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Where ML Works Best

Cadence’s president talks about machine learning inside and outside of EDA tools, and how to measure the benefits.


Anirudh Devgan, president of Cadence, sat down with Semiconductor Engineering to discuss machine learning inside and outside of EDA tools and how that will affect the future of chip and system design. What follows are excerpts of that discussion.

SE: How do you see the market and use of machine learning shaping up?

Devgan: There are three main areas—machine learning inside, machine learning outside, and machine learning infrastructure. The key for all of these are new, patent-based algorithms. This is the science of three ‘P’s. There is the science of place, which involves geometries and the underlying mathematics. That’s a couple thousand years old. The second ‘P’ is the science of pace, which is like derivatives. That’s calculus. A lot of our recent math is based on calculus and geometry, which is EDA and semiconductor design. The third one is the science of patterns. We always did patterns anyway. The human brain does patterns. There are patterns in the stock market. CNNs and all of this related deep learning is one new way to do pattern resolution, and it has been used very successfully in vision and speech. It’s a powerful new weapon. Pace and place are already successful in a lot of industries. But pattern is new. Along with this, there is definitely an improvement in compute power, but convolution will be very powerful.

SE: How do those pieces fit together?

Devgan: You can’t just do pattern-based by itself. You can’t just do machine learning. It has to be in the context of all three. You still need calculus and geometry. But the effects of those will be profound, and it can go on for hundreds of years. It will be just as profound a change as the others.

SE: We’ve had pattern recognition for a long time, but it hasn’t been effective, right?

Devgan: Correct. Not better than humans. Now we can at least match and exceed that. Now we can take patterns and apply them to our algorithms.

SE: So how does this fit into your three areas for applying machine learning?

Devgan: If you look at ‘ML inside,’ routing was a very disruptive technology when it first came out. Before routing, you would optimize by estimating what would happen. That is better with machine learning. From a user perspective, there’s no change except that it gives better PPA runtime. You’re using a different algorithm, but the user still looks at is as a timing tool or a place-and-route tool.

SE: So this is combining the best of data mining for all the corners, right?

Devgan: We have test cases, and we can learn through patterns better prediction methods. And that can be embedded in these tools, so we get a better result. The analogy is that you have a car that runs at 300 horsepower, and suddenly you have an engine that runs at 330 horsepower. It’s great, but your experience is still the same.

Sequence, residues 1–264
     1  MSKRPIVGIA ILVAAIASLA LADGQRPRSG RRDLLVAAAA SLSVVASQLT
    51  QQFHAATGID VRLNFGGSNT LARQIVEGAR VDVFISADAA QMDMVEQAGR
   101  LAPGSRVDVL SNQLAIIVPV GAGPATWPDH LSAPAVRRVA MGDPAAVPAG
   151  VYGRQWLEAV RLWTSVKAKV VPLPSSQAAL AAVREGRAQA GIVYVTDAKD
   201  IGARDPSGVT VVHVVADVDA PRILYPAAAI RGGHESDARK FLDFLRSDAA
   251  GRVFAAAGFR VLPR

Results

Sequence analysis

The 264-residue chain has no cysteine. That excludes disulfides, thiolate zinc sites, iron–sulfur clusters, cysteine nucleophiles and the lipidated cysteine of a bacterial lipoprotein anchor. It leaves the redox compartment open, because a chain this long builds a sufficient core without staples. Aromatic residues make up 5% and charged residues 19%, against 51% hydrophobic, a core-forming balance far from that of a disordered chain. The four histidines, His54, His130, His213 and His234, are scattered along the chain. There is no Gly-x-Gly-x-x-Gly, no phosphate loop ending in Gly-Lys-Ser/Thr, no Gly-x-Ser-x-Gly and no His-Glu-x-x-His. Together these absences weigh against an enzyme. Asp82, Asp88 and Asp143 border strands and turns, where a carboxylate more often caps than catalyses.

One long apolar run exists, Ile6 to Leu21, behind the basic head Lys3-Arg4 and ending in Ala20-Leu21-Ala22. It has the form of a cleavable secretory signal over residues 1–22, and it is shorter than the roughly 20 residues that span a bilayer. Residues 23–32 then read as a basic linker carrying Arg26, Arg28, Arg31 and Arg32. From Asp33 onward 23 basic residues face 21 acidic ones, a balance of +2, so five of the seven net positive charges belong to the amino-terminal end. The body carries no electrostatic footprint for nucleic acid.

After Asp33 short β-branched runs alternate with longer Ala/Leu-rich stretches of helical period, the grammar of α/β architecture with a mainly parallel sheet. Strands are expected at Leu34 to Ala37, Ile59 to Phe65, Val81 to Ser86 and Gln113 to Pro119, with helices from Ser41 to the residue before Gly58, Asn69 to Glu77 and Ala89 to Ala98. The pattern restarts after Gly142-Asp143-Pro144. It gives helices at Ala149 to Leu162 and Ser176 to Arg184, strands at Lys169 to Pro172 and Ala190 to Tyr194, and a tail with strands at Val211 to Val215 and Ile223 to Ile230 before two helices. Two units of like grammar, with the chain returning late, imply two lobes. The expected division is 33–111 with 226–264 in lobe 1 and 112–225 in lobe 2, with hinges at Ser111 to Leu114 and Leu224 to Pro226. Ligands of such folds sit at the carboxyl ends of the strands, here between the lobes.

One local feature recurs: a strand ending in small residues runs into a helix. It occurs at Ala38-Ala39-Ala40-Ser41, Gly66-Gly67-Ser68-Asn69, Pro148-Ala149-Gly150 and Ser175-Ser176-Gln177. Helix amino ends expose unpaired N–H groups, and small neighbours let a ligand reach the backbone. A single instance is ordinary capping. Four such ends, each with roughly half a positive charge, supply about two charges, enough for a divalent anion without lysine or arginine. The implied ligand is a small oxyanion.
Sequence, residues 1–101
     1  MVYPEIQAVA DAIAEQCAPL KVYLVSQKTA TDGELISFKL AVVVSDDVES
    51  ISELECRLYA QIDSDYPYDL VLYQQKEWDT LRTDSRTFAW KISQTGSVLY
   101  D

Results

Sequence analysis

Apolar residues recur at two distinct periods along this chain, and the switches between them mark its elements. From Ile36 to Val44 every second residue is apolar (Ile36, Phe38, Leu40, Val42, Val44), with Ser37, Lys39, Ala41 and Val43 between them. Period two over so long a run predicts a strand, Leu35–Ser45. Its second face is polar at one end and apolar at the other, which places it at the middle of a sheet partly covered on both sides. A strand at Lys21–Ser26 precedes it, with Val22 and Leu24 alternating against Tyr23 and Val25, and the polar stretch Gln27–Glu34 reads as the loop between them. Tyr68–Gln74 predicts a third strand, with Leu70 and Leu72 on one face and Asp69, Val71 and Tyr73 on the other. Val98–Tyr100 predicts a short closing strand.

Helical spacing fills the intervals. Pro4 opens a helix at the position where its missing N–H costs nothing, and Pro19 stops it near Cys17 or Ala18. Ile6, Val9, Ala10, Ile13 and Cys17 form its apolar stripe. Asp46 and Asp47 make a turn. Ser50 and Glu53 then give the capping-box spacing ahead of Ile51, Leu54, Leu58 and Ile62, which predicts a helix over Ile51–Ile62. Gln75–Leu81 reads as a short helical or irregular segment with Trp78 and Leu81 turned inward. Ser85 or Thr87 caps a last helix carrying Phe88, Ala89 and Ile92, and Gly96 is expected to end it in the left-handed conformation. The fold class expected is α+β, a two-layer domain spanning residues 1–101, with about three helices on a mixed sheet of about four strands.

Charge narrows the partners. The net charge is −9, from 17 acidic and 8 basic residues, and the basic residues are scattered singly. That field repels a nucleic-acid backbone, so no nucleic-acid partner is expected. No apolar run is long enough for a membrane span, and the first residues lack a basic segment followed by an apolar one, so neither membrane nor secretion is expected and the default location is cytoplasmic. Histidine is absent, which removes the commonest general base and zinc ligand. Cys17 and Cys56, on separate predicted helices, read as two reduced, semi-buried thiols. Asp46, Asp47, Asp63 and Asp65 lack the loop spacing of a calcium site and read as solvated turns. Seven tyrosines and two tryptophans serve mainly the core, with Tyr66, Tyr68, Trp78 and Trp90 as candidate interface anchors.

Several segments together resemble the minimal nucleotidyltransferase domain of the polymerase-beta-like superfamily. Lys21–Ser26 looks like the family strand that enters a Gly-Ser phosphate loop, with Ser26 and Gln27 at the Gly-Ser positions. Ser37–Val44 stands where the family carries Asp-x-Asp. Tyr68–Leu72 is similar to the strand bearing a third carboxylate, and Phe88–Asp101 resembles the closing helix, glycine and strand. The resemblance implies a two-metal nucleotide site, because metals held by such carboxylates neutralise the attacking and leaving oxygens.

SE: Especially in Silicon Valley traffic.

Devgan: Yes, exactly. So the second part of this, which can be more transformational, is ‘ML outside.’ We have some projects to see if we can improve the way the tools can be used. That is more than the tools themselves. It’s also the design flow. ML inside is improving PPA runtime. ML outside is improving productivity.

SE: Is this for tools addressing chip design, or for addressing deep learning?

Devgan: That is the third area. With ML outside, you want to improve the flow. So you run a bunch of simulations and emulations and formal, and then you look at the coverage and make the next decision. The question is whether some of that can be optimized. It’s moving toward self-driving. It’s not fully autonomous yet, but instead of one person driving one car you can now drive multiple cars. Even in the design process, there are certain tasks we can automate on the flow level. That’s ML Outside, and it will be more transformational than the tools themselves.

SE: How about the third piece?

Devgan: That’s the infrastructure. If you look at machine learning, it’s very mathematical and very close to EDA algorithms that are used for training. A lot of people are spending time on hardware-software co-design for machine-learning chips. There are 50 or so startups in this space. There is a lot we can do to provide tools and methodologies to improve this whole infrastructure development.

SE: Is this a new IP opportunity?

Devgan: We already have Tensilica IP, which can be optimized for that. But when companies are doing these designs, there are some unique requirements. These machine learning chips are huge. The tools have to have the capacity to handle them. There also are some highly repeated structures, so there are PPA requirements. We are working with several of these startups and companies that are doing this infrastructure, regardless of whether they buy IP or develop their own. There is a lot of scope to improve.

SE: How about the algorithms themselves? Some of that development work can be automated and improved.